The biggest annual art fair in West Africa rounded up this Sunday. Galleries from within the host country, Nigeria, and those from far across the world were all in attendance.
In fact: 110 artists represented by 31 different galleries made it the largest edition of the international fair to date.
If you have not been able to attend the fair yourself, we recommend you check out our extensive coverage as an official media partner on our Instagram page.
- Here are works from EACH gallery in attendance: https://www.instagram.com/artnewsafrica/?hl=en
- And interviews with the gallerists in attendance: https://www.instagram.com/artnewsafrica/reels/?hl=en
In addition, there are 5 highlights we want to share with you from the event:
1. Victor Ehikhamenor’s installation; Ulin-nóifo, The Lineage That Never Ends
In the words of Victor, “With the emergence of intercontinental trade between Europe and Africa, Benin City became an important port for the exchange of goods. Red kernels, peppers, and ivories were traded for clothes, corals, and bronzes. These objects were charged with new meanings and acquired prominence in the royal court; serving as markers of sumptuary laws, value systems, as well as cultural and artistic practices in the Benin Kingdom.”
The installation was deeply immersive and transformative. With true homage to the Benin culture and the use of the red rosary beads, sounds, and bronze.
2. Ranti Bam, who through her painting and clay sculptures, presented a performance project Sowing Seeds In Heartland.
Her installation is in response to the fair’s theme this year, ‘Who will gather Under the Baobab Tree?” Bam’s performance was titled, “Sowing Seeds in Heartland”. This demonstrated the symbolic link between the Baobab tree and her hearths.
Art X Lagos on the performance: “Her performance acted out the connection between humans and their environment, both of which are fragile yet resilient. Bam, along with a group of women built unfired clay vessels filled with soil and seeds. From the disintegration of these forms, new crops will bloom. In the breaking down of the vessels, we are asked to consider how a relationship with nature can break down often violent mechanical and ideological structures, in order to facilitate new growth and healing.”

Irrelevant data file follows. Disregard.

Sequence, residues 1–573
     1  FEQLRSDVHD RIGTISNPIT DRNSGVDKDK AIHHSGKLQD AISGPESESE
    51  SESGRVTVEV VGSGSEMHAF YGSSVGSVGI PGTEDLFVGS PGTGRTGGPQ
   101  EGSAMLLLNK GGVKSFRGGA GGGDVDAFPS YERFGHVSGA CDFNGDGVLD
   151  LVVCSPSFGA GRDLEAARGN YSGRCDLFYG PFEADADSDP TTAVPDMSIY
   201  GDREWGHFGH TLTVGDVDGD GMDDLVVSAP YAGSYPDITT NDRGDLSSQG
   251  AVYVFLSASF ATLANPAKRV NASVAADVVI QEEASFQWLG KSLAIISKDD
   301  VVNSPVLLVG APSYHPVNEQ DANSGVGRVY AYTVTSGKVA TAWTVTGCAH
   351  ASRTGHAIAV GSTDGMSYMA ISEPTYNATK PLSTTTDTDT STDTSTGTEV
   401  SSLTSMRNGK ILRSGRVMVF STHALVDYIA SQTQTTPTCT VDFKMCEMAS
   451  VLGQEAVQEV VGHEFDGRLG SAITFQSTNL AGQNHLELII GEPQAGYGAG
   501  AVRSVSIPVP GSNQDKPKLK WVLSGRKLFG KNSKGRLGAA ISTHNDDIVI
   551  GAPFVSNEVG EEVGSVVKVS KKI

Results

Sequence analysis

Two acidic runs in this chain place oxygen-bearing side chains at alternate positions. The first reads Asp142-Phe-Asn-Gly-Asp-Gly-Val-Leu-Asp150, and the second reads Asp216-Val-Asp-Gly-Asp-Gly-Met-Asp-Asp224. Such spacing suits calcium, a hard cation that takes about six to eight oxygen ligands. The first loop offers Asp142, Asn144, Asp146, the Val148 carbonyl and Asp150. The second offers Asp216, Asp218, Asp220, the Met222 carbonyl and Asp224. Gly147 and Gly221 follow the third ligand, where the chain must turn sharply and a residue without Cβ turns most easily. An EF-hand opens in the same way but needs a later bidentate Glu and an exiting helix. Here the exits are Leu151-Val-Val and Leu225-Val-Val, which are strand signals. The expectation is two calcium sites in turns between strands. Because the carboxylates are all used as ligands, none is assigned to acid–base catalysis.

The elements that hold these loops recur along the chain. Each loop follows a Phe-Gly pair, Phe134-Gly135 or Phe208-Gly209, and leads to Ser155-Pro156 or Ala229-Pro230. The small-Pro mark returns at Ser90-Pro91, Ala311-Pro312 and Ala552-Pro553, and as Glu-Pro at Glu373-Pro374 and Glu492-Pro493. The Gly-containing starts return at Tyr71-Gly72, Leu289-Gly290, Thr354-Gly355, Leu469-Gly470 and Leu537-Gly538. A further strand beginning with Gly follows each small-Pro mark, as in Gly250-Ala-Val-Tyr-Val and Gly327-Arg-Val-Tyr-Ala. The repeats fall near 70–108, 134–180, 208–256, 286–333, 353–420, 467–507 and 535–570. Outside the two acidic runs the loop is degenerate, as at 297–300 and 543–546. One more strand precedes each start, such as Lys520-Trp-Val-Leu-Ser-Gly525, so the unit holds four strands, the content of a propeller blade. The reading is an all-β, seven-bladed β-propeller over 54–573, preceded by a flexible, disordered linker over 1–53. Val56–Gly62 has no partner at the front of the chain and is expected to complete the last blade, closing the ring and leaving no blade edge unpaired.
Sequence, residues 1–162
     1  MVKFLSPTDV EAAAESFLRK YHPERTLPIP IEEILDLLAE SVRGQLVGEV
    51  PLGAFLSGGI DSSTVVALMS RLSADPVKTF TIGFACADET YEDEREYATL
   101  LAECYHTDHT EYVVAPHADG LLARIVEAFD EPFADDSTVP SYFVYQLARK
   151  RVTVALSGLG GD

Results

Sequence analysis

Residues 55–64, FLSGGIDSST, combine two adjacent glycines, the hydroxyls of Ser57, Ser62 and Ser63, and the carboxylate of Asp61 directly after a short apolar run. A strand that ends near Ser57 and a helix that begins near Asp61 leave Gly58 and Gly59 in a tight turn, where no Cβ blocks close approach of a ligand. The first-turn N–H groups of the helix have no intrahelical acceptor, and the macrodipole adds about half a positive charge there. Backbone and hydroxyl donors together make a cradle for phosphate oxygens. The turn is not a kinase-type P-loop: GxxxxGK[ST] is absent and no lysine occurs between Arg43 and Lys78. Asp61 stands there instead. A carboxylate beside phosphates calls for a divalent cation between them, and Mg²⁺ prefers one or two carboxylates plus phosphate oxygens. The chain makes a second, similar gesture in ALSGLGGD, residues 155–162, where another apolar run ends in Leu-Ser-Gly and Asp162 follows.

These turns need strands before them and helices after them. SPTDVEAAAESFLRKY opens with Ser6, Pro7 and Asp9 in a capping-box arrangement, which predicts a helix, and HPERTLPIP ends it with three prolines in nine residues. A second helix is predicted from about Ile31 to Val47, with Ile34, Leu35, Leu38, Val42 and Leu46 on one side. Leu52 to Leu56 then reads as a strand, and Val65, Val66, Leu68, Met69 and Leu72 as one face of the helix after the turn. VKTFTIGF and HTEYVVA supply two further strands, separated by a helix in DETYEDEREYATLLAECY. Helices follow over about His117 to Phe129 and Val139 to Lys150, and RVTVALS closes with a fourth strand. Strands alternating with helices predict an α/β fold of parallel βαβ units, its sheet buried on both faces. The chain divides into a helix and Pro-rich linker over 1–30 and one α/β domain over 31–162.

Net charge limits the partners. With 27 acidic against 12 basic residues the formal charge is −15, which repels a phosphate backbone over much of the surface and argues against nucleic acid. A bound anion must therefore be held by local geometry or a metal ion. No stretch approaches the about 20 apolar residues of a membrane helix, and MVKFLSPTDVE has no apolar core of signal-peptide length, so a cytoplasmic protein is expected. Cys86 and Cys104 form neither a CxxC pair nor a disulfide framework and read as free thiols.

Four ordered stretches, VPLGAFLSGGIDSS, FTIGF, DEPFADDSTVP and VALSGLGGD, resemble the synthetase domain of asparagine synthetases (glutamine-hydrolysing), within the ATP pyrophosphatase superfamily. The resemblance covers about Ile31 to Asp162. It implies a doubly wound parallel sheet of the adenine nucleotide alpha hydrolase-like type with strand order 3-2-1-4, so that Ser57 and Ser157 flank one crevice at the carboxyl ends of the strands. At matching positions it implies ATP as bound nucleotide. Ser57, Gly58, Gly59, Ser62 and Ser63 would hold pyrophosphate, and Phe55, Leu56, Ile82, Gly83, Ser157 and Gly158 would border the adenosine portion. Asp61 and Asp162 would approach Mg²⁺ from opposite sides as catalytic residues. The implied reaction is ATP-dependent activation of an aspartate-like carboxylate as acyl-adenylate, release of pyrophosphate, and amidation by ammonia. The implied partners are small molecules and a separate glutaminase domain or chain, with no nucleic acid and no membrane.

3. Linda Dounia’s digital artificial intelligence installation Once Upon A Garden.
Dounia is a self-taught artist, born and raised in Senegal. The artist’s installation tries to answer questions such as, “What has been the impact of contemplating nature, particularly flowers, in Africa?” with the use of Artificial Intelligence.
“I used the GAN’s initial outputs of 8,000 plant images to create animations for each individual plant and brought them together in the final composition – a digital garden of 28 flowers as seen during the day and at night from the collaboration between the mind’s eye of the AI and mine. During this process, it dawned on me that a majority of the plants I used in this project were completely new to me and that, in general, I grew up seeing less than half of the plant species my grandmother grew up seeing. I also realized that while some of the extinct plant species I worked with survive in their digital embodiment on the internet, the ones that weren’t recorded and digitized are entirely lost to both human and digital consciousness.” the artist explains.
4. There will be 2 Art X Prize winners this year:
The first of its kind in Art X history, there will be 2 winners. Stay tuned for the winners – we will let you know who comes out victorious! One from Lagos and another winner from Africa/ the diaspora. Both will be awarded a $10,000 grant each, an exhibition in the following Art X Lagos fair, as well as 3-month residencies. The winner from Nigeria will be admitted into Gasworks, London. The African/Diasporan winner will receive admittance into, Yinka Shonibare’s G.A.S Foundation in Lagos, Nigeria.
The panelists of judges include:
- Alessio Antoniolli (Director, Gasworks & The Triangle Network)
- Dr. Bonaventure Soh Bejeng Ndikung (Artistic Director, SAVVY Contemporary)
- Gabi Ncgobo (Artist and Curatorial Director, Javett Art Centre (Javett-UP), University of Pretoria)
- Maria Varnava (Founder, Tiwani Contemporary)
- Professor Peju Layiwola (Artist and Historian)
- Victor Ehikhamenor (Artist).